- Click on this link
- Go to file
- Select make a copy to edit you own file
I would love to see examples of headers that you create!
This weekend I was creating a new course in Google Classroom and wanted to use my own image. Experimenting with the right size and placement of images took me a bit of time. Have you had the same header for awhile or are you creating a new class? Make your own custom header fast using this template. l
Watch a quick screencast to see how to use the template below.
Students will notice that you have made a change! Use this template to quickly create new headers and keep your Google Classroom page updated throughout the year.
I would love to see examples of headers that you create!
This Voice Recorder is a convenient and very simple online tool that can be used right from your browser. It allows you to record your voice using the built-in microphone on your device and save it as an mp3 file. Just click the mic on the landing screen and you are on your way to recording your audio file.
Student voice is powerful. An audio file is a product that a student can create as a product of their learning. When might you use voice to enhance or show learning? Check out this Voice Recorder to make the process simple.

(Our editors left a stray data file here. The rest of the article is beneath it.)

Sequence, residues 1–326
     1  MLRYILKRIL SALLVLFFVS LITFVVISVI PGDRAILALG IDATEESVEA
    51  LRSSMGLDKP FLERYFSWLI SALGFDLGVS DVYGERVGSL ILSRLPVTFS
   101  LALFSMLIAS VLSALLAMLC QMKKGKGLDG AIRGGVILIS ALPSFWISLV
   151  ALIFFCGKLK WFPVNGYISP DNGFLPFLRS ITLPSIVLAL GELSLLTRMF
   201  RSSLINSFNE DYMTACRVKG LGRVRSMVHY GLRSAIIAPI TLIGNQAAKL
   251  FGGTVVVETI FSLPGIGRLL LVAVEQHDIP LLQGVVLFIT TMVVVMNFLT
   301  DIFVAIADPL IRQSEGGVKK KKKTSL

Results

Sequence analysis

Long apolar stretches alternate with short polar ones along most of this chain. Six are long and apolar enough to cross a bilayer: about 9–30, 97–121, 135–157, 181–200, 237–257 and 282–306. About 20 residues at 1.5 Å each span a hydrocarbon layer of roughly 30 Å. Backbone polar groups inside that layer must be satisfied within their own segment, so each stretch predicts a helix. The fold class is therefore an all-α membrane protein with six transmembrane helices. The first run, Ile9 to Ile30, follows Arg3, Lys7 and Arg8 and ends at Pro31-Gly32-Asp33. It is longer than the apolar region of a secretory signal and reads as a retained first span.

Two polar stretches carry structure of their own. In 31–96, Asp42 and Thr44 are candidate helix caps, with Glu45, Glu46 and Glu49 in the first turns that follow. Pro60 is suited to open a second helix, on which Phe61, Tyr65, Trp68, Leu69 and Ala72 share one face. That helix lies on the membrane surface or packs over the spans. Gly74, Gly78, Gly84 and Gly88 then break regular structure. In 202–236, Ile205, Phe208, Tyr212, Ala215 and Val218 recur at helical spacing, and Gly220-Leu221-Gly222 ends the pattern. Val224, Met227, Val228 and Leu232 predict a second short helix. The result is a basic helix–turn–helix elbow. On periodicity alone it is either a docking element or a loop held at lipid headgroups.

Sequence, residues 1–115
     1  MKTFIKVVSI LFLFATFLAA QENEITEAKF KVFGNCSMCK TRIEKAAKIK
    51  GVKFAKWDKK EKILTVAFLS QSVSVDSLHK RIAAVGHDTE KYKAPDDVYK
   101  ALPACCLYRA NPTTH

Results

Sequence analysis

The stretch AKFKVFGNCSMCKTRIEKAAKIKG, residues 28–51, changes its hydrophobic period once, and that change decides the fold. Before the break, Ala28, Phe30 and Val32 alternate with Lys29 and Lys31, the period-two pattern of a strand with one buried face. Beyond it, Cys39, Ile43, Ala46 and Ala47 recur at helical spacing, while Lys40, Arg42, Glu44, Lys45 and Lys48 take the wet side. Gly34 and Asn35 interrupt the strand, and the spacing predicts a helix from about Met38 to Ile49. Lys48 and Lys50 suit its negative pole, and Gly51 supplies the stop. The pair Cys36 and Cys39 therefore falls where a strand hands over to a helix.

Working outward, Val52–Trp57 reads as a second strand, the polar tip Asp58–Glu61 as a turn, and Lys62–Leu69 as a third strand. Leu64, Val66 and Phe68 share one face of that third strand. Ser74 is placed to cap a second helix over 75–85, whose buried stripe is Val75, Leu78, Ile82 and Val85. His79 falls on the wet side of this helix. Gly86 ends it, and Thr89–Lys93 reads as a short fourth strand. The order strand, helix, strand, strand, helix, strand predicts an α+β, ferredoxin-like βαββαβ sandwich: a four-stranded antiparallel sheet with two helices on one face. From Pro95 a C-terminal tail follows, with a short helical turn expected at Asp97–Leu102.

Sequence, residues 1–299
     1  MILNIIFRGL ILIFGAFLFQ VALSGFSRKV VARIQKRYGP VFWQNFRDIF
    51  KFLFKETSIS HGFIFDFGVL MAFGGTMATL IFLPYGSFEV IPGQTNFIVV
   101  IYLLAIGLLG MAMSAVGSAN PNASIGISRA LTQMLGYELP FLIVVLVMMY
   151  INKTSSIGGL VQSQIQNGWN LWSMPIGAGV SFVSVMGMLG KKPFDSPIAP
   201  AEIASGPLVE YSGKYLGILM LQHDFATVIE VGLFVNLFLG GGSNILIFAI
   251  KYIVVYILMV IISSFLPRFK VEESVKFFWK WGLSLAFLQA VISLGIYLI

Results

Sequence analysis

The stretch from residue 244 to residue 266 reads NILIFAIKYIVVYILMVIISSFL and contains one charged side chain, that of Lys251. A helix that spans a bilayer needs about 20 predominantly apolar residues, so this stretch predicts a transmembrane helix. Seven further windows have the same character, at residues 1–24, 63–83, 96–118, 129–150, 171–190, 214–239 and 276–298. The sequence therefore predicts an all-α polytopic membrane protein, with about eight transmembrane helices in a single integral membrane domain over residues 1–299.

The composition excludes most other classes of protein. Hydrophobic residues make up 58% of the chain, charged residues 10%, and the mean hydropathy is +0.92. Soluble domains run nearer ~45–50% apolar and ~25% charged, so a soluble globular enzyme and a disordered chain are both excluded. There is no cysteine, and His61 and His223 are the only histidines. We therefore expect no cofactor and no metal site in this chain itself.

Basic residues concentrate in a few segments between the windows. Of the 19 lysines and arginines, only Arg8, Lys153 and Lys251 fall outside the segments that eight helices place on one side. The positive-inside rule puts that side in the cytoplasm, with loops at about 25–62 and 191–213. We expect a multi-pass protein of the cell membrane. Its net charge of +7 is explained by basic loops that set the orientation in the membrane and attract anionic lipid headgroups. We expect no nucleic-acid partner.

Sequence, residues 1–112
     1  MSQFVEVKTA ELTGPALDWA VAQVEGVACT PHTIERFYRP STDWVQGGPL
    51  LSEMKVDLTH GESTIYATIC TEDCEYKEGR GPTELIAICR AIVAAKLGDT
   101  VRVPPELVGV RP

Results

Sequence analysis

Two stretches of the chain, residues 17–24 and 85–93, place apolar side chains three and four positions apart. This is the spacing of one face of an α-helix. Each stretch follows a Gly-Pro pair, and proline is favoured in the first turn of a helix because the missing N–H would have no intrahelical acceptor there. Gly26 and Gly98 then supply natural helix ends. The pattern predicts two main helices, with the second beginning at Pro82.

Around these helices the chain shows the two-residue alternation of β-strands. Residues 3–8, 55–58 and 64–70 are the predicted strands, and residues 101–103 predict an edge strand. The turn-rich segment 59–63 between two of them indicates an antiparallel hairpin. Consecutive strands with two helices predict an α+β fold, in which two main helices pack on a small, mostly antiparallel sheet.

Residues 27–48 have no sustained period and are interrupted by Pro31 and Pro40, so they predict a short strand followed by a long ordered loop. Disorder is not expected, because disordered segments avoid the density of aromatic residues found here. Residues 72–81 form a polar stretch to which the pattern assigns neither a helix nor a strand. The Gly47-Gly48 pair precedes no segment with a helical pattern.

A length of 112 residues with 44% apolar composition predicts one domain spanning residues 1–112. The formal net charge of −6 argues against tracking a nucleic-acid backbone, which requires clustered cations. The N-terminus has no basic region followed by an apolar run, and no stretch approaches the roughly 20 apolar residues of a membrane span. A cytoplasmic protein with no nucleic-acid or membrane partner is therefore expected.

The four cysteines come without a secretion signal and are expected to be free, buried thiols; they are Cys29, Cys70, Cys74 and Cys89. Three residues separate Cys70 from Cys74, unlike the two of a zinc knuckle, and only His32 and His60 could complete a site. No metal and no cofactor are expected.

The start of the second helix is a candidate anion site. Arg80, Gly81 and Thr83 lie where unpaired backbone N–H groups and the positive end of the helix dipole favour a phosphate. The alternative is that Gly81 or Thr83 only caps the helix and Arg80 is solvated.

Checking for understanding is the backbone of effective teaching. As learners are introduced to new material and concepts, many students make errors as they process the information or they don’t have adequate background knowledge to be able to form connections. And the larger the chunk of material that is presented, the more likely there is for learners to develop misconceptions.
Effective teachers stop to check for understanding by asking a lot of questions that require responses, have students summarize what the understand, or have students agree or disagree with other student responses. Through participating in these checks for understanding students have a chance to elaborate on the material and augment connections to other learning in their long term memory or signal to the teacher that parts of the material need to be retaught.
In the book Checking for Understanding: Formative Assessment Techniques in Your Classroom, Fisher and Frey paint a picture of an ineffective learning experience for a student.